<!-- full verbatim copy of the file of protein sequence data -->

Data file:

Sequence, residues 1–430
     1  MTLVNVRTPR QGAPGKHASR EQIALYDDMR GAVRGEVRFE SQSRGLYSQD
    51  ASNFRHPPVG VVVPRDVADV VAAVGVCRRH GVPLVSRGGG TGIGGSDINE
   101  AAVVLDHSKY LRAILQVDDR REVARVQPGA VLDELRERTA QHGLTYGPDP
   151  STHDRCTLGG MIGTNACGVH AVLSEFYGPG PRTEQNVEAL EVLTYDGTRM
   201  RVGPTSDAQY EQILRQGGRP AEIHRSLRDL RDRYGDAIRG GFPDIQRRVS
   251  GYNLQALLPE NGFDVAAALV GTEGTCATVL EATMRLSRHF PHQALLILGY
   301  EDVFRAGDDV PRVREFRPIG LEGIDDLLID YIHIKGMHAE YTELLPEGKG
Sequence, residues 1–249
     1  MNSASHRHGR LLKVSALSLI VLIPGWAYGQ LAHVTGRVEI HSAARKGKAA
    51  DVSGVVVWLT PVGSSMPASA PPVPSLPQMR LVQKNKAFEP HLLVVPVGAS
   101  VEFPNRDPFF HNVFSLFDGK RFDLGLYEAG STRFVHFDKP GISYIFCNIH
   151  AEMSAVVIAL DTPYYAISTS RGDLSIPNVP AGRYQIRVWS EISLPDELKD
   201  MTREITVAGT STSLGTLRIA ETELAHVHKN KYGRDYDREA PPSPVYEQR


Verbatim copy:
Sequence, residues 1–430
     1  MTLVNVRTPR QGAPGKHASR EQIALYDDMR GAVRGEVRFE SQSRGLYSQD
    51  ASNFRHPPVG VVVPRDVADV VAAVGVCRRH GVPLVSRGGG TGIGGSDINE
   101  AAVVLDHSKY LRAILQVDDR REVARVQPGA VLDELRERTA QHGLTYGPDP
   151  STHDRCTLGG MIGTNACGVH AVLSEFYGPG PRTEQNVEAL EVLTYDGTRM
   201  RVGPTSDAQY EQILRQGGRP AEIHRSLRDL RDRYGDAIRG GFPDIQRRVS
   251  GYNLQALLPE NGFDVAAALV GTEGTCATVL EATMRLSRHF PHQALLILGY
   301  EDVFRAGDDV PRVREFRPIG LEGIDDLLID YIHIKGMHAE YTELLPEGKG
Sequence, residues 1–249
     1  MNSASHRHGR LLKVSALSLI VLIPGWAYGQ LAHVTGRVEI HSAARKGKAA
    51  DVSGVVVWLT PVGSSMPASA PPVPSLPQMR LVQKNKAFEP HLLVVPVGAS
   101  VEFPNRDPFF HNVFSLFDGK RFDLGLYEAG STRFVHFDKP GISYIFCNIH
   151  AEMSAVVIAL DTPYYAISTS RGDLSIPNVP AGRYQIRVWS EISLPDELKD
   201  MTREITVAGT STSLGTLRIA ETELAHVHKN KYGRDYDREA PPSPVYEQR